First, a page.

grid dip oscillator with jfet mpf102

Discussion in 'The Projects Forum' started by ponderosa, Sep 9, 2013.

  1. ponderosa

    Thread Starter New Member

    Sep 3, 2013
    I am new to using jfets and need help,with a grid dip oscillator design that I have built,from a design I found online.The circuit built can be found in the enclosed attachment.The meter part of the circuit works fine,but the front end from the tuned circuit forming the oscillator does not.Please can anyone advise the correct connections for the jfet as the two mpf102's in the circuit description have their source connections joined together.The power supply as seen has a positive ground connection.Thank you and I look forward to any help and suggestions anyone may have.:confused::mad::(:eek:
  2. DickCappels


    Aug 21, 2008
    Wow, that was a confusing looking circuit, using positive ground, a holdover from the days when most transistors were PNP.

    The circuit looks "real" and we should give the author the benefit of the doubt (his web page has the same schematic on it, so it probably is not in error). If you properly identified the leads on the JFETs, the oscillator should oscillate, at least at some frequency or another.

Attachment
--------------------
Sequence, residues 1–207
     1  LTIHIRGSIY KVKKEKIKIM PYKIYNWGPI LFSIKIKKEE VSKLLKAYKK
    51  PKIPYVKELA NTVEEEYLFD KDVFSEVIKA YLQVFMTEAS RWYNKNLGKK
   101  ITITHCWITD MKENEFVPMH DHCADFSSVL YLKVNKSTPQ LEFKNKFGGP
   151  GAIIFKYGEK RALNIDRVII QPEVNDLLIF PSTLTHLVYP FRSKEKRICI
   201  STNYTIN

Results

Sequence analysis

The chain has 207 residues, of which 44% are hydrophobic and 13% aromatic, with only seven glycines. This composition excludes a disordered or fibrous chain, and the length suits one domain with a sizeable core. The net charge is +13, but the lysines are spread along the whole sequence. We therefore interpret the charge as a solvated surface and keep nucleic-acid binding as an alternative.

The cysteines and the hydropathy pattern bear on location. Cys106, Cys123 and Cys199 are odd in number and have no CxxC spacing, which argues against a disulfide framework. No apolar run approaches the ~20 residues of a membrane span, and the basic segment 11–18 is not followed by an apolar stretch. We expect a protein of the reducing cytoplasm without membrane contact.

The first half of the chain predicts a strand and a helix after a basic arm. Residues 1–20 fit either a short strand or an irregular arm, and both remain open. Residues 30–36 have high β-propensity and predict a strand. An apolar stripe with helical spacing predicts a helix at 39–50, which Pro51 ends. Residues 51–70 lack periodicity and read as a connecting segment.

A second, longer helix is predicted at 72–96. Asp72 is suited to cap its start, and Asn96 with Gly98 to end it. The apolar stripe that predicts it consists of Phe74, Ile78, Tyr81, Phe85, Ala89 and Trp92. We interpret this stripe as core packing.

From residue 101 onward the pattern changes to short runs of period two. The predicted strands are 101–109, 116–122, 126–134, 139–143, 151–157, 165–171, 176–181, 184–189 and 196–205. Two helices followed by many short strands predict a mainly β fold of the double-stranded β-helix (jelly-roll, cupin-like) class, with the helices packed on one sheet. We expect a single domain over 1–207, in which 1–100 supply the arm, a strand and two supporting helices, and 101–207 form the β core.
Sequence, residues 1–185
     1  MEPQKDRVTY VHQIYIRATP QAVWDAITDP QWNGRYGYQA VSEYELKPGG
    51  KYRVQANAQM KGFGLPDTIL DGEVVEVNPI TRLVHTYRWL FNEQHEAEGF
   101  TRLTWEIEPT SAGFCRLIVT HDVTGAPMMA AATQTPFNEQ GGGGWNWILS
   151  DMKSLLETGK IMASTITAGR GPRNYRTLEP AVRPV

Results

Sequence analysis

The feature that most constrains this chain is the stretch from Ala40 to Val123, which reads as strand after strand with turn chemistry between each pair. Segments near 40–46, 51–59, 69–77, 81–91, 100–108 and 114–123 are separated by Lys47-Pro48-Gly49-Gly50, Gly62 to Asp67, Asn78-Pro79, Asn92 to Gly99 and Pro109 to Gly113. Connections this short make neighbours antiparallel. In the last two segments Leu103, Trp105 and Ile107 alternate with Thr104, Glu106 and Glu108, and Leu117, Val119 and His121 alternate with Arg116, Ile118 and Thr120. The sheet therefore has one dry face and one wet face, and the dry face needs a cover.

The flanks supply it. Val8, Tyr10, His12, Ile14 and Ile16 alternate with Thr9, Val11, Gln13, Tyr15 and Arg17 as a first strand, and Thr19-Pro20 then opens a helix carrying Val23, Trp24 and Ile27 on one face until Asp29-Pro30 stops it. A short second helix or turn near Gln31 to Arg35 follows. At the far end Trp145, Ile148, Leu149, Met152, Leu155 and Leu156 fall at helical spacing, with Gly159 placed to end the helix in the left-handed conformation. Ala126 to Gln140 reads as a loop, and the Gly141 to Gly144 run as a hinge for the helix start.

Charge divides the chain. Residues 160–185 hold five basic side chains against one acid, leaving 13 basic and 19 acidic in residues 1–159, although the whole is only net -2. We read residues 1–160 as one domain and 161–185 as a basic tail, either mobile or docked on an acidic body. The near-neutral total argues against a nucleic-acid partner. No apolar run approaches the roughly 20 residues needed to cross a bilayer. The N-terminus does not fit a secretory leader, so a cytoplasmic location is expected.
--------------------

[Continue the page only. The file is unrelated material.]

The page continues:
How do you it doesn't oscillate (lack of meter reading?) Can you hear it on an AM, CW, or sideband radio receiver?

    Double-check your connections (my bet is that something is wired wrong). Make sure C3 is near the coil and the entire three JFET circuit is compact. Check the gate-to-source voltages, the sources should be a couple of volts more positive than the gates.

    The ON Semiconductor datasheet for the MPF102 does not specify a pinch-off voltage, but the Fairchild datasheet says the pinchoff voltage can be as high as 8 volts. How do you get that with a 3 volt power supply? The fets don't run pinched off, but with a gate-source voltage somewhere between 0V and pinchoff. I suspect that one or more of your JFETs need more voltage.

    Once you are sure everything is connected correctly, you can try a higher battery voltage. If that doesn't do the trick, you might be able to select some JFETs with lower gate voltages, or you can have a look around Digikey for low pinch-off JFET (pinchoff specs below 1.5 volts are rare but they can be found).
    ponderosa likes this.
  3. ponderosa

    Thread Starter New Member

    Sep 3, 2013
    Thank you for your reply Dick.A non oscillation constituted exactly that.No meter reading at all. I used another circuit again,based around a single Mpf102,without the weird positive ground connection,leaving the meter half of the circuit as is.This seemed to work as expected,however with no buffer between the tank circuit,and the rf output / meter part of the circuit,the oscillation soon died out. I plan on experimenting with a high speed op amp buffer,or jfet buffer to solve this problem.The only thing I have been advised to watch out for,is the bandwidth of the components used.:):)